Valve Software said this week that it will demonstrate “the latest” living room PCs running its own operating system at this year’s Game Developers Conference early next month. The company did not disclose whether those will be commercial products and the launch of appropriate hardware is imminent.
This week Valve began to propose media outlets to “set a time to see the latest Steam Machine devices” during the GDC 2015. The company did not elaborate regarding what exactly it plans to demonstrate, but the fact that Valve does not call the hardware it is going to show “prototypes” may indicate that the devices will be more or less finalized machines that will go on sale eventually.
Last year Valve and its hardware partners cancelled commercial release of Steam Machines – PC-based game consoles – because Valve needed to develop a new controller as well as to polish-off its SteamOS operating system.
The cancellation of Steam Machines seriously annoyed many PC makers, who pinned a lot of hopes on gaming machines for the living room. As a result, numerous manufacturers of personal computers, including Alienware and Syber, simply released their former Steam Machines prototypes with Windows and Xbox controllers.
PC makers have a reason to be upset with the delay of Steam Machines. According to NPD, sales of new-generation game consoles – PlayStation 4 and Xbox One – are 60 per cent higher than sales of their predecessors almost a decade ago at the same point in their lifecycles. Gaming PC vendors have reasons to believe that they could sell loads of PCs for the living room with marketing support comparable to that of consoles from Microsoft and Sony. Quite naturally, Alienware Alpha cannot compete against the strengths of the PlayStation or Xbox brands, but cumulative power of numerous computer makers behind Steam Machines represents a rather formidable marketing force.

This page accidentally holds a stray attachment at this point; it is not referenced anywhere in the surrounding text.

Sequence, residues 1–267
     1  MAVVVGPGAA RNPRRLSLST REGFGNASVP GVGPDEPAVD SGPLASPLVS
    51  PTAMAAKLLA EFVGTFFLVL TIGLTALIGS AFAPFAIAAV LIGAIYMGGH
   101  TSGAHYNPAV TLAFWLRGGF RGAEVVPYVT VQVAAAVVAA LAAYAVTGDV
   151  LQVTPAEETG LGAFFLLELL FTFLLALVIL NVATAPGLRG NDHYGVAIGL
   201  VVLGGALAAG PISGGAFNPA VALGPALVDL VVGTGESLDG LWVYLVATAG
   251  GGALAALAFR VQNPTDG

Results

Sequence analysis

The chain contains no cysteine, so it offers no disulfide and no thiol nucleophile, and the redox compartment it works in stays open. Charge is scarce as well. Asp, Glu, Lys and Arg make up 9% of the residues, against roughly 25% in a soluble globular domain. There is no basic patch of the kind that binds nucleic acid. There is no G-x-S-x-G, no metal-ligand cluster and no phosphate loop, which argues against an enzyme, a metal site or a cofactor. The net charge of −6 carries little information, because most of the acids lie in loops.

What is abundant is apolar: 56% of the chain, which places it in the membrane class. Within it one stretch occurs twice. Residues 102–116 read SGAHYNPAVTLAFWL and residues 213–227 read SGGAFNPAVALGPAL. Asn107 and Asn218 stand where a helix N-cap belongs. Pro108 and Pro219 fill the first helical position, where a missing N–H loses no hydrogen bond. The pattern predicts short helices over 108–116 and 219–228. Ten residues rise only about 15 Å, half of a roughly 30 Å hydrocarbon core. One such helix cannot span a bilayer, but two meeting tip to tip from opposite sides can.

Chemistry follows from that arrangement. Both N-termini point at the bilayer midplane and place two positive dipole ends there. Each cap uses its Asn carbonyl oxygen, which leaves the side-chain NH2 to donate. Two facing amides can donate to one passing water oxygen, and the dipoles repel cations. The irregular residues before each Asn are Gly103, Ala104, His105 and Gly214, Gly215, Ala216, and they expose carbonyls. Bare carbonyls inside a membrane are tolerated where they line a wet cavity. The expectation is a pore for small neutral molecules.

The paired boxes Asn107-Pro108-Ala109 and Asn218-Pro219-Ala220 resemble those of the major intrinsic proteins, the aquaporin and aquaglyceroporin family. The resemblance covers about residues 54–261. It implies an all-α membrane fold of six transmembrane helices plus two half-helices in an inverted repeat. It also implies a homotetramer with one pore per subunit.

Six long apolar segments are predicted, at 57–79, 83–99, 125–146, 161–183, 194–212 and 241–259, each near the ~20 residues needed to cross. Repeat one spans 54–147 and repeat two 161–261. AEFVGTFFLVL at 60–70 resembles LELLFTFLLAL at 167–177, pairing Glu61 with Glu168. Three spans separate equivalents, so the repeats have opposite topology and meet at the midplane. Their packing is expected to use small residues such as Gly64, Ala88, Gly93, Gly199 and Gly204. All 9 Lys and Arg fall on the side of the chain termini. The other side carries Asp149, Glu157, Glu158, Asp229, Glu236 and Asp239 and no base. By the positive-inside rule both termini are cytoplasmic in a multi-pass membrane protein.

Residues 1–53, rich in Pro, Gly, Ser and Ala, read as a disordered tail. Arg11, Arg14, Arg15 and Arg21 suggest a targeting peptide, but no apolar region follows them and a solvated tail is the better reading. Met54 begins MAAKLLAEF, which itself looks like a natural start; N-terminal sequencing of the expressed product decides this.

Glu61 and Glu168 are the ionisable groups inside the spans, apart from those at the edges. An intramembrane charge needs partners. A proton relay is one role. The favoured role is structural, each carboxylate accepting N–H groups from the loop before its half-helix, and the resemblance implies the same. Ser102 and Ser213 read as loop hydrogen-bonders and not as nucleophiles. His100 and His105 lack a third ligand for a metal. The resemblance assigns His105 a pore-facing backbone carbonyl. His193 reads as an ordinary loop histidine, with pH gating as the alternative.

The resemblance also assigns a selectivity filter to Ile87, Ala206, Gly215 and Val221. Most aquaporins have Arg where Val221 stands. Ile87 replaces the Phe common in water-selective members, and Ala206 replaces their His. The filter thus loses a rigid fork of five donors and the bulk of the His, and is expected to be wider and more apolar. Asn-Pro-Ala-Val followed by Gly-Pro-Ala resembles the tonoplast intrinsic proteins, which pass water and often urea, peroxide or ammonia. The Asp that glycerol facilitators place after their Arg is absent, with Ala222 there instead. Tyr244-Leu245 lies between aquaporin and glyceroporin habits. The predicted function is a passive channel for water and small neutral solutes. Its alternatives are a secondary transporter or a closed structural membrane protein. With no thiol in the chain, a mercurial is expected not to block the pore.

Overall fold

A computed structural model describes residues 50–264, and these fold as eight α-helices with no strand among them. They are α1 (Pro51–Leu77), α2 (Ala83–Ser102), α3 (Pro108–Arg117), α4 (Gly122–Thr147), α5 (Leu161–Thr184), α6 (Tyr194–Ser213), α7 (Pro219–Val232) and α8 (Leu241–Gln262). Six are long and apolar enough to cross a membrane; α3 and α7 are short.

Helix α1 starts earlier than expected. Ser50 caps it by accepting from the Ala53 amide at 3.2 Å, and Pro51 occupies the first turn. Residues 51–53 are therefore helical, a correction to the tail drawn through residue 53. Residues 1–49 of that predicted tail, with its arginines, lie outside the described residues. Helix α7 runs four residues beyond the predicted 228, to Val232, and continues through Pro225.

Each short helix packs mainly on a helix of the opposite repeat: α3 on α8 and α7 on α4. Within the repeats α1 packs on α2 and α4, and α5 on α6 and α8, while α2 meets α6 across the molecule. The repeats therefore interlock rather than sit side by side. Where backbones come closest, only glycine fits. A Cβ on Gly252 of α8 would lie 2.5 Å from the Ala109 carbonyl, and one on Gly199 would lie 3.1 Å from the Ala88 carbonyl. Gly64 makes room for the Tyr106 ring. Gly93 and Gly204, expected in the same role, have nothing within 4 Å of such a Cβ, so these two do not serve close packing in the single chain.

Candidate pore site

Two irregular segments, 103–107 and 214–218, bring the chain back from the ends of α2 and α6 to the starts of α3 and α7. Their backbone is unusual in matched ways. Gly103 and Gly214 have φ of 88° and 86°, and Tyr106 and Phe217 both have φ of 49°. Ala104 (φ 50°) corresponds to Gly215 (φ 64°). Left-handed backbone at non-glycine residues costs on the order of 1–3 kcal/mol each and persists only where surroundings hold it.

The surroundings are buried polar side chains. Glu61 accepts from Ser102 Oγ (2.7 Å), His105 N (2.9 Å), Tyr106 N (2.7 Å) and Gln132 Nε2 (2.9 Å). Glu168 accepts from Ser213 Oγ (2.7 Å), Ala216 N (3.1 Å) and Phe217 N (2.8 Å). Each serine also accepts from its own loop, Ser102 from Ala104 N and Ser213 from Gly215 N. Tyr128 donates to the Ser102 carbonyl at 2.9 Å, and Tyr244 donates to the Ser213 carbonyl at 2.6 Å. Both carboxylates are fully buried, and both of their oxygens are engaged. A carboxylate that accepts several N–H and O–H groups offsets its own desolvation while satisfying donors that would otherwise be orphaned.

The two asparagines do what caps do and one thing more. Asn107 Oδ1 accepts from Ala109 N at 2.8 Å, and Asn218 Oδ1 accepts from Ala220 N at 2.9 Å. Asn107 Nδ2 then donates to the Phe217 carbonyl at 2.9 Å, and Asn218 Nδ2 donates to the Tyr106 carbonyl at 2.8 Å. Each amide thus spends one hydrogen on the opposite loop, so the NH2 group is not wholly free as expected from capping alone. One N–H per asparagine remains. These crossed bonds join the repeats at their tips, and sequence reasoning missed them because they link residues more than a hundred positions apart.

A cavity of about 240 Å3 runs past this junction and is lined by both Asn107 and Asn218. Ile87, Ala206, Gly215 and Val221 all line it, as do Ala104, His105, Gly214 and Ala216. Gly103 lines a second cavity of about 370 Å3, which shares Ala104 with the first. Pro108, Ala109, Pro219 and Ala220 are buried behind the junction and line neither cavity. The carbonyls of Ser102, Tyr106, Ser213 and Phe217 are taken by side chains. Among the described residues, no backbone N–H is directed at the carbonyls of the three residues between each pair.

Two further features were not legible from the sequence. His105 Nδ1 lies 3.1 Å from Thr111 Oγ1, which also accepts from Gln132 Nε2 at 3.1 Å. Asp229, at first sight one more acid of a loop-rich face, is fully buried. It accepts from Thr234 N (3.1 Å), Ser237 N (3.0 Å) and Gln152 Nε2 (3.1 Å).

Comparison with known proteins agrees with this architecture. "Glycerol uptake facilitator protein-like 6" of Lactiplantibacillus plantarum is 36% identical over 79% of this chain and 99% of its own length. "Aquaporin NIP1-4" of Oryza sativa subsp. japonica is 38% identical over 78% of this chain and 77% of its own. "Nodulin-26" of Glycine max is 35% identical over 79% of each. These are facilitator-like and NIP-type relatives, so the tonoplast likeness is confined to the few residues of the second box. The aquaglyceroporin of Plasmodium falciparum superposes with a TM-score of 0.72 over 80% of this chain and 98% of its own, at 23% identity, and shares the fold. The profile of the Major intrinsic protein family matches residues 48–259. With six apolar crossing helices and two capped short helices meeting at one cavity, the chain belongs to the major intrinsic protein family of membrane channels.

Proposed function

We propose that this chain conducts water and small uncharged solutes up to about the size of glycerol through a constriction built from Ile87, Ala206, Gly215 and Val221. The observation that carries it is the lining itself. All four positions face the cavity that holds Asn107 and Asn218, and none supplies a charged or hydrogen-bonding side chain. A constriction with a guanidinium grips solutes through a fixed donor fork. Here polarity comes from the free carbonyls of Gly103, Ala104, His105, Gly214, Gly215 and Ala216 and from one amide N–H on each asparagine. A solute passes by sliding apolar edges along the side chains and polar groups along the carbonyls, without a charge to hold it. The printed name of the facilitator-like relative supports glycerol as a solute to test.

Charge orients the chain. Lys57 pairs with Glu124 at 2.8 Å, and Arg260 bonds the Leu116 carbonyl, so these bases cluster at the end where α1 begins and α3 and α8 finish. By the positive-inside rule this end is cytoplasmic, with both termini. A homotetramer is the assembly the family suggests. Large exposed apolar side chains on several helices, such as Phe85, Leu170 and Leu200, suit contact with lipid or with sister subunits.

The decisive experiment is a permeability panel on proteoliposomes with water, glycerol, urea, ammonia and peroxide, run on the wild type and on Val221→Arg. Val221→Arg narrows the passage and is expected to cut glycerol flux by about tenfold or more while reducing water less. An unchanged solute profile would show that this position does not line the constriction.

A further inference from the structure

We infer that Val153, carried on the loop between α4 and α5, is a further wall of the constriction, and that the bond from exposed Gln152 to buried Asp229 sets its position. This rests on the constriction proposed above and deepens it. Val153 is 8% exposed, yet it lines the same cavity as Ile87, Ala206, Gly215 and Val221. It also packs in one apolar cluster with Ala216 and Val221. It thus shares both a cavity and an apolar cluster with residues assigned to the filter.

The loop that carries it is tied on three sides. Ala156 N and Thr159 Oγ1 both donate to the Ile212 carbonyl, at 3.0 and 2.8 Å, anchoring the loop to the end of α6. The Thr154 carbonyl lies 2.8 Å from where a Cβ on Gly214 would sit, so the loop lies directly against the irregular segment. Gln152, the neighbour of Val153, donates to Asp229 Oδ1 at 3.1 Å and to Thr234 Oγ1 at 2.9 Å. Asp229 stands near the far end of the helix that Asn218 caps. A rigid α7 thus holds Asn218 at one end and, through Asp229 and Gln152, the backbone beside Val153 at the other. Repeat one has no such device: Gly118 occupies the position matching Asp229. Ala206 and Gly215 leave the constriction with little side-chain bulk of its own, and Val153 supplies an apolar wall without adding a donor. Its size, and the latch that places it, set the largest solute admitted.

It is expected that there will be several types of Steam Machines, including high-end systems with enthusiast-class hardware, mid-range systems with mainstream gaming microprocessors and graphics cards as well as basic systems with entry-level highly-integrated hardware. It is projected that Steam Machines will hit the market later this year.
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KitGuru Says: When Valve introduced its Steam Machines concept several years ago, it made a lot of sense: a living room gaming platform with a special operating system with low overheads and hardware requirements. Today, when AMD offers Mantle API and there are Microsoft Windows 10 and DirectX 12 incoming, a special operating system tailored for gaming is barely needed. Moreover, since Valve still has not figured out how to sell music and video content through Steam, the platform simply does not seem to be competitive compared to Microsoft Windows or even Apple iOS or Google Android. Still, Valve has one indisputable trump: its brand-names and their recognition among gamers. If numerous Steam Machines hit the market tomorrow, their media exposure would be dramatically higher than publicity of various Windows-based living room PCs.